I have written this to bring Old Abel’s name out of the darkness of the grave into the light of present day, to honor his memory, to remember an old man who was born into slavery and who died in a manner that so many of the enslaved did — at the end of a worn out rope that had swung too often from the branch of an old oak tree.

I dedicate this to Old Abel, and to the One Hundred and Thirty Unnamed Men, Women, and Children who deserved a better life. May we never forget them and may God keep their souls in eternal rest.

1860 List of Slaves owned by Thomas Chiles Perrin

Female 12
Male 6
Male 2
Female 20
Male 22
Male 3
Female 20
Male 11
Male 9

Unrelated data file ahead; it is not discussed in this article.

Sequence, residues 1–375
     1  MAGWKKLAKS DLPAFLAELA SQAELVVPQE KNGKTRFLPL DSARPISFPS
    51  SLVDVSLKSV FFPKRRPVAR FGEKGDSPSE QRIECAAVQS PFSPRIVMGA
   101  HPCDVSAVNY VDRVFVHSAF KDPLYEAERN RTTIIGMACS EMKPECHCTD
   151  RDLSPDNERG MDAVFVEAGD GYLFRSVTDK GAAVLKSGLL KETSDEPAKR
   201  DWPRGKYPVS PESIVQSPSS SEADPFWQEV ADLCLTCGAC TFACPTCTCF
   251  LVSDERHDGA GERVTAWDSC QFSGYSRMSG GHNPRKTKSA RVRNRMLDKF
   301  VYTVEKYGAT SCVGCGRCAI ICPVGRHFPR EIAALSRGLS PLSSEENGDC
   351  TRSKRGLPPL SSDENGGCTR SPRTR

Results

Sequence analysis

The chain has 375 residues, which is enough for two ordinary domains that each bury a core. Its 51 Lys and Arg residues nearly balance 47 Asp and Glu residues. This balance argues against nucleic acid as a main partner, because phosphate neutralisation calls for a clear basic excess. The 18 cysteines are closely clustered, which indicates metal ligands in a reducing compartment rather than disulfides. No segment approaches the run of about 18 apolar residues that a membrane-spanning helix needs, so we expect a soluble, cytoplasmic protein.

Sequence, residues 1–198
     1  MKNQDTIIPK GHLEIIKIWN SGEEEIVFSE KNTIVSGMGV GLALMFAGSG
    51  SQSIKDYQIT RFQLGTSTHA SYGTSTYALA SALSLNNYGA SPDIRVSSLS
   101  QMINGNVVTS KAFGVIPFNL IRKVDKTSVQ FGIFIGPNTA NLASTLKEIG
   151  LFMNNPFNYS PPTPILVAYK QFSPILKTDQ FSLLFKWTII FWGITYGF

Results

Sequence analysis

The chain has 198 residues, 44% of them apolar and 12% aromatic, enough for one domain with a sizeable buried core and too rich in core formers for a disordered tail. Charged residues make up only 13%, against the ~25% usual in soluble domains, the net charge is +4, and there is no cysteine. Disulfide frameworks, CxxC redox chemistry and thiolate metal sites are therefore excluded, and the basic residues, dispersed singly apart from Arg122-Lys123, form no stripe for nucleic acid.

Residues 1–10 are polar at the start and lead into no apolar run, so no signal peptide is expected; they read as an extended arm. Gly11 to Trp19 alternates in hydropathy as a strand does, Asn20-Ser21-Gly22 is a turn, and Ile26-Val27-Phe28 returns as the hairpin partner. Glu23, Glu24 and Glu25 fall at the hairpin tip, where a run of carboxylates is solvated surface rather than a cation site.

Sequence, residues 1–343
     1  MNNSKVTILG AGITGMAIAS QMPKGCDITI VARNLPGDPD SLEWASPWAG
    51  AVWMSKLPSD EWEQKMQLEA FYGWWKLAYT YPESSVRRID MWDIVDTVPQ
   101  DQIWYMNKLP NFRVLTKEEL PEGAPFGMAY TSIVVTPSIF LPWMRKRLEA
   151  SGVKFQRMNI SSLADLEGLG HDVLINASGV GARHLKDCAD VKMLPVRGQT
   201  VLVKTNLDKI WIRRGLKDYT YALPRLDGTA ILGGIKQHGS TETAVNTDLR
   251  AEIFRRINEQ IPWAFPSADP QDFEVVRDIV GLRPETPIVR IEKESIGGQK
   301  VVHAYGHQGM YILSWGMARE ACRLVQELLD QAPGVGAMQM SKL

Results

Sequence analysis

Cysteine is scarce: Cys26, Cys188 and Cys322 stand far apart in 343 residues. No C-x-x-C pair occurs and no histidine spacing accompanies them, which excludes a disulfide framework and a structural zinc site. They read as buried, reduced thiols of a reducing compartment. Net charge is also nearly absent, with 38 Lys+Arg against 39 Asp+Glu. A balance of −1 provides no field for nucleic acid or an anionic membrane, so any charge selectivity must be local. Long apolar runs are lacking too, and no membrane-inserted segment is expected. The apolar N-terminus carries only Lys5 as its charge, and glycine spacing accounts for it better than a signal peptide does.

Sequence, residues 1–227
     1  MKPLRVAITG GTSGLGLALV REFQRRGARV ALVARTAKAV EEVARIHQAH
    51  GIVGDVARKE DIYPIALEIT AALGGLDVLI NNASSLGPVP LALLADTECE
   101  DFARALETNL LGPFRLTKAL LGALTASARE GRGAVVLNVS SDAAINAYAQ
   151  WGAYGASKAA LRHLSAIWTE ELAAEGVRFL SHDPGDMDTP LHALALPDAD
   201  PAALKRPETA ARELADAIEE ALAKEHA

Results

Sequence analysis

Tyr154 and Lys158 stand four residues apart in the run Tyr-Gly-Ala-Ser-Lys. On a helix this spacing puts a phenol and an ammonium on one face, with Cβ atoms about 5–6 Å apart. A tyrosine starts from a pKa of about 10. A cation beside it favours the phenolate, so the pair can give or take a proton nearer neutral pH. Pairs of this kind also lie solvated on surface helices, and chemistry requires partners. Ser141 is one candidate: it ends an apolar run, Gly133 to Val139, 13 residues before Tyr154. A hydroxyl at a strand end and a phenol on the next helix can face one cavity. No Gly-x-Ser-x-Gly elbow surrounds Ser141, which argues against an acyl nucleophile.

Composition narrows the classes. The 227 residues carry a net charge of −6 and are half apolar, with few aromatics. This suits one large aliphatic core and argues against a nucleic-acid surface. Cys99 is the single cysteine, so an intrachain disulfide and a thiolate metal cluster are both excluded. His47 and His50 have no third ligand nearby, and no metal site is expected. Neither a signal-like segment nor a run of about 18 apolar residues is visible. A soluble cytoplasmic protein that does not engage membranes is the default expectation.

Male 5
Female 3
Male 10
Male 45
Male 1
Male 6/12
Male 17
Male 17
Male 3/12
Male 6/12
Male 18
Male 5
Female 4/12
Male 6/12
Male 13
Male 10
Male 5
Male 11
Male 1
Female 65
Female 40
Female 11
Female 9
Female 55
Male 19
Female 35
Female 14
Female 12
Female 10
Female 6
Female 4
Female 1
Female 28
Female 25
Female 6
Female 4
Female 2
Female 1
Female 40
Female 17
Female 12
Male 90
Female 10
Male 17
Male 45
Male 35
Male 1
Male 35
Male 25
Male 32
Male 16
Male 50
Male 60
Male 32
Male 38
Male 28
Male 8
Male 6
Male 33
Male 30
Male 2
Male 35
Male 28
Male 26
Male 11
Male 50
Male 34
Male 27
Male 18
Male 45
Male 25
Male 25
Male 26
Male 50
Male 20
Male 2
Male 45
Male 45
Male 23
Male 32
Male 30
Male 30
Male 9
Male 22
Male 44
Male 30
Male 15
Male 8
Male 25
Male 26
Male 5
Male 35
Male 50
Male 50
Male 60
Male 60
Male 48
Male 38
Male 26
Male 17
Male 18
Female 12
Male 12
Female 9